Men's golf wins fifth straight Big 12 title

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Photo Credit: Stephanie Martinez-Arndt | Daily Texan Staff

The last several years for sports teams on the Forty Acres have been somewhat inconsistent compared to what Texas fans have become accustomed to. 

The baseball team parted ways with the winningest coach in NCAA history last spring after another uninspired season. Texas basketball just finished its worst season in 34 years at 11-22. And the once mighty football team has been stuck in a rut of mediocrity since the days of Colt McCoy. 

However, through all of this pedestrian play and coaching turnover from the big three sports on campus, the men’s golf team has been a paradigm of consistency – winning a national championship in 2012 and adding four straight Big 12 titles since. 

On Wednesday, they made it five straight. 

The No. 18 men’s golf team closed out the Big 12 Championship with a final-round 298 to defeat No. 2 Oklahoma State by one stroke. 

The Longhorns erased a six-shot deficit during the final round to win their eighth overall Big 12 title. 

The tournament came down to the final holes with Texas using solid play on No. 17 to clinch the victory – including a crucial eagle from senior Gavin Hall. They were 5-under as a team on the hole, three better than Oklahoma State. 

“I think we played 17 5-under-par and that gave us a chance to get back in the tournament,” said head coach John Fields. “Oklahoma State is a great team. They’re coached incredibly well. It just came up for us this time. Our guys finished really well.”

Hall has now won a Big 12 Championship each of his four years on campus. The senior finished in 22nd at 19-over, but he led the tournament in eagles – including a three on the penultimate hole that put Texas in the lead. 

Juniors Doug Ghim and Scottie Scheffler led the way for Texas as they tied for second place at 8-over. Ghim shot 70 in the final round, including birdies on No. 17 and No. 18 to clinch the victory.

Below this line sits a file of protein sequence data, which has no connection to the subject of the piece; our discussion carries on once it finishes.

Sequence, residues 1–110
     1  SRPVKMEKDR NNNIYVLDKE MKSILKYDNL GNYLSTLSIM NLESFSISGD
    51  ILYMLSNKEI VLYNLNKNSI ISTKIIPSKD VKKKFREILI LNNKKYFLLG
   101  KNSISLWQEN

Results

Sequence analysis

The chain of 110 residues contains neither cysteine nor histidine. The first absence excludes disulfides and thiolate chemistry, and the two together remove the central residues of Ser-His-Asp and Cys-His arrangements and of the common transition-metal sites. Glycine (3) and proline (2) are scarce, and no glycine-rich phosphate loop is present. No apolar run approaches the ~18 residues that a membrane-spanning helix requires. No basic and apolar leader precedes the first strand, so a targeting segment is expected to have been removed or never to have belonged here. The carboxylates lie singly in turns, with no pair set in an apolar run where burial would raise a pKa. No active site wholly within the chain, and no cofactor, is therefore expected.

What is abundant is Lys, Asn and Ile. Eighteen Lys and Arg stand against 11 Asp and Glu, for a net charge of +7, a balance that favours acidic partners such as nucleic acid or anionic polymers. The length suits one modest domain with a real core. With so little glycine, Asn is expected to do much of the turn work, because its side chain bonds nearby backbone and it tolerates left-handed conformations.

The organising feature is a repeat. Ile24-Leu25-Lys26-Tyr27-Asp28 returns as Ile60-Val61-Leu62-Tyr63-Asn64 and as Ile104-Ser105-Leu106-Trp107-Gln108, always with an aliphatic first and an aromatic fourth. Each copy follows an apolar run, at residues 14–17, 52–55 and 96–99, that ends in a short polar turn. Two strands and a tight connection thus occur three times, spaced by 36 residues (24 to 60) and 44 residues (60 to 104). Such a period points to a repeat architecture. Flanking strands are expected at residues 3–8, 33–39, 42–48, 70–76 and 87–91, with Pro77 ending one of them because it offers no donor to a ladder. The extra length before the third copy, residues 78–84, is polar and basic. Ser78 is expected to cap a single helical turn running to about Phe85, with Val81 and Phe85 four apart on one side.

Scheffler closed with a 73 in the final round, but a strong second day of the tournament got him back into contention. He shot 77 on day one, but
followed it up with rounds of 68 and 70 on day two. 

Texas was in sixth place after round one after they shot 313–11 shots behind leader Oklahoma State — in difficult conditions. But they came back on day two and posted 274 and 283 to tie Oklahoma State for the lead heading into the final round. 

Timely play from Steven Chervony and Spencer Soosman was crucial for the comeback. The underclassmen each shot rounds of 68 and 75 on day two as Texas climbed back into the tournament. Chervony finished tied for 28th at 22-over and Soosman finished tied for 32th at 26-over. 

Fields was impressed by the way his team has come together at the right time. After last season’s heart-breaking defeat in the national championship, this year was supposed to be a rebuilding effort. 

“After losing Beau Hossler last year and revamping this team, these guys have had to assume a lot of pressure because we have won four Big 12s in a row,” Fields said. “So to come in here to Prairie Dunes, a great golf course, incredible circumstances and difficult conditions, I’m really, really proud of our guys.”